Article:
Jean-Claude Juncker says EU should have its own military headquarters

Juncker says Britain must trigger Article 50 ‘as soon as possible’ and cannot ‘have a la carte access’ to the benefits of the EU after Brexit 

Alex Sims,Adam Withnall
Wednesday 14 September 2016 14:23
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Jean-Claude Juncker says Brexit talks must start 'as soon as possible'

The European Union should have its own military headquarters and Brexit talks should begin “as soon as possible”, the President of the European Commission has said, adding that the European Union is facing a battle for survival against nationalism in Europe.

Delivering a “State of the Union” speech to the European Parliament in Strasbourg, which sought to ease tensions and rally support for the EU, Jean-Claude Juncker warned the bloc is facing an “existential crisis”.

The speech has been heavily anticipated as the EU struggles with multiple crises, from the influx of refugees over the past year, multiple terror attacks and Britain’s shock June referendum to leave the EU.

Mr Junker called for a joint command headquarters for EU military missions and greater defence cooperation, reviving long-running efforts to reduce reliance on the United States.

He said no single EU government had a military large enough to deal with security challenges facing Europe, from Islamic militants to a more hostile Russia and echo a plan put forward this week by France and Germany.

“We must have a European headquarters and so we should work towards a common military force,” Mr Juncker told the European Parliament, although officials stressed this did not amount to an EU army.

“This should be to complement NATO,” he said, also outlining proposals for a common defence fund.

EU integration cannot be left to the interests of individual member states alone, said Mr Juncker insisting that “too often national interests are brought to the fore” and the EU “still does not have enough Union”.

“A year ago I stated that the state of the European Union leaves much to be desired... It still applies,” Mr Juncker began. “The scope in which we cooperate together is far too small”.

“We want to construct. We want a better Europe. Europe is not going down the path of nationalisation, it can never become that type of national area, but there splits out there and often fragmentation exists where we need further effort from the union, and that is leaving room for galloping populism.”

“We can’t accept that because populism doesn’t solve problems. Populism creates problems, and we have to be aware of that and protect ourselves against it.”

Directly referring to Brexit, Mr Juncker sought to quell fears that the EU was in turmoil.

“Many are wondering whether Brexit is the beginning of the disintegration process of the EU,” he said.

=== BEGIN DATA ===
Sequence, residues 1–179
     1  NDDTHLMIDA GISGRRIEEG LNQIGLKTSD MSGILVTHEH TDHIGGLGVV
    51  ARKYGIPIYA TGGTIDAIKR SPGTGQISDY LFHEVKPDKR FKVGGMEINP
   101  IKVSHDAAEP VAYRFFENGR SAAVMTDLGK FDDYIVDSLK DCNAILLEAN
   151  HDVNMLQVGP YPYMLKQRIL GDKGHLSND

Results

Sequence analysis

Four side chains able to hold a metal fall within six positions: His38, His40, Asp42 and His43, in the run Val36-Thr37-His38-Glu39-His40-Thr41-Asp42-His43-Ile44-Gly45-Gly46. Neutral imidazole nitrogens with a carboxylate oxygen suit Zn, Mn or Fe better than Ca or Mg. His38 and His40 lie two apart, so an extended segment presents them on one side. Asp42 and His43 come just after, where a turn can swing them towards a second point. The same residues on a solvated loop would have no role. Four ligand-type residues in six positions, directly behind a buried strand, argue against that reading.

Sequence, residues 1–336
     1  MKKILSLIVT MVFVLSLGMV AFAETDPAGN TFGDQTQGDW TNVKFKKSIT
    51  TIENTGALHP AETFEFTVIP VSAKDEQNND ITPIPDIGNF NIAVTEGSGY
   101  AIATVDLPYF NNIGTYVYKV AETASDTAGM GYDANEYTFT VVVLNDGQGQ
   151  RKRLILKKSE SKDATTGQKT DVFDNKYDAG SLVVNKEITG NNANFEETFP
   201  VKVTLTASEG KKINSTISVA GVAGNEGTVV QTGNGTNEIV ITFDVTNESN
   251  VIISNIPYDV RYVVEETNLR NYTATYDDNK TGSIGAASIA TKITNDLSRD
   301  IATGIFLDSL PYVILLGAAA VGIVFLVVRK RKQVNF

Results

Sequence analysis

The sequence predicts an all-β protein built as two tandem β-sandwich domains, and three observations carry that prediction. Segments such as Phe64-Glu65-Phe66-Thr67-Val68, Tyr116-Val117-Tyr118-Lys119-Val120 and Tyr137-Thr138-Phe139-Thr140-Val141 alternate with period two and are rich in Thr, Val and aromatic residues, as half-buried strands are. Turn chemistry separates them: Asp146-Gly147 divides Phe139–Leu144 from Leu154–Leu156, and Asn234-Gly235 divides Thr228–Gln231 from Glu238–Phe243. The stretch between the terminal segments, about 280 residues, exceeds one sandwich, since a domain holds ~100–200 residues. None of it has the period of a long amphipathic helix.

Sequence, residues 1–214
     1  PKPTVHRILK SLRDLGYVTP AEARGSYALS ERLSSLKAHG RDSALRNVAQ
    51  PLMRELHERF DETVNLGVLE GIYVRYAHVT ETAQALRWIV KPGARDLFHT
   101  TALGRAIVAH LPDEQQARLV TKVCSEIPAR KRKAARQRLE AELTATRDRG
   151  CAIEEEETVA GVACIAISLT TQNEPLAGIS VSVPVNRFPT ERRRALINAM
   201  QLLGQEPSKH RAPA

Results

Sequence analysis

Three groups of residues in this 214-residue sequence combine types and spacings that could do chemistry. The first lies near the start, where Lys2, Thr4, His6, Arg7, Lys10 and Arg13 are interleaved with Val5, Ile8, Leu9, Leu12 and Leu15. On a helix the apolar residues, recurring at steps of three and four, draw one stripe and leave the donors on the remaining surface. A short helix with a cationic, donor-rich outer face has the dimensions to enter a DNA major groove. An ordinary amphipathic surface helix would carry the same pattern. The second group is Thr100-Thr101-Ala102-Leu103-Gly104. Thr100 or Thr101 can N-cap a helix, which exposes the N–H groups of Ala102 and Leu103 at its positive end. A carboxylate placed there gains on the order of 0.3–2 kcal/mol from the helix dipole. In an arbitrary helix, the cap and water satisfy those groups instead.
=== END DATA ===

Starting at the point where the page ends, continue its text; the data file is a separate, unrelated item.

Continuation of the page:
“Allow me to state, we respect and at the same time regret the UK’s decision, but the EU as such is not at risk.”

Mr Juncker also repeated previous assertions made by several EU leaders that Britain “could not have a la carte access” to the benefits of the EU after Brexit, and that the UK should trigger Article 50 “as quickly as possible”.

In a further reference to the UK, Mr Juncker condemned recent incidents of hate crime in the country, which have surged in the wake of Brexit.

“Europe can never accept Polish workers being harassed, beaten up or even murdered in the streets of Essex,” he said, referring to the recent attack on a Polish man in Harlow and receiving applause from the chamber.

Donald Tusk asks Theresa May to start Brexit process 'as soon as possible'

He was setting out the Commission’s plans for the first time since the UK voted to exit the EU.

Mr Juncker also touched on the refugee crisis in Europe, saying he aims to create a “European solidarity corps” to respond to emergency situations like the refugee crisis.

“By 2020, I want to see 100,000 Europeans taking part,” he said.

He added that accepting refugees “must be voluntary, it must come from the heart, it cannot be imposed”, in what has been perceived as an allowance to countries like Hungary, which is due to hold a referendum to reject refugee quotas in October.

In a series of cutting remarks towards Apple, which is embroiled in a bitter row with the EU after it called on the tech company to pay £11bn taxed to Ireland, Mr Junker said: "A fair playing field ... means consumers protected from abuse by powerful companies – no matter how big or small, must pay its taxes when it makes its profits.

“I promised you I would fight tax evasion and many of you did not believe me ... but this Commission is fighting tax evasion.

“We have to get to work. The next 12 months are the crucial time to deliver a better Europe.”

Mr Juncker was expected to announce a major extension to the European Fund for Strategic Investments (EFSI), as well as a new fund to foster the private sector in Africa as way of curbing emigration to Europe, along with initiatives to promote the expansion of high-speed Internet and a single market in digital services, EU officials said.

He was also expected to argue for the benefits of the Union as a mechanism for maintaining peace and evening out economic hardships, stressing a positive agenda to try and reconnect with voters disillusioned by years of austerity and fearful of terrorist violence and mass immigration.

But the Juncker address was expected to offer few clues to the negotiations with London that the EU insists cannot start until Prime Minister Theresa May formally sets starts a two-year countdown to British departure. A summit of the 27 EU leaders in Bratislava on Friday is also unlikely to shed much light on the Brexit issue.

Additional reporting by other agencies

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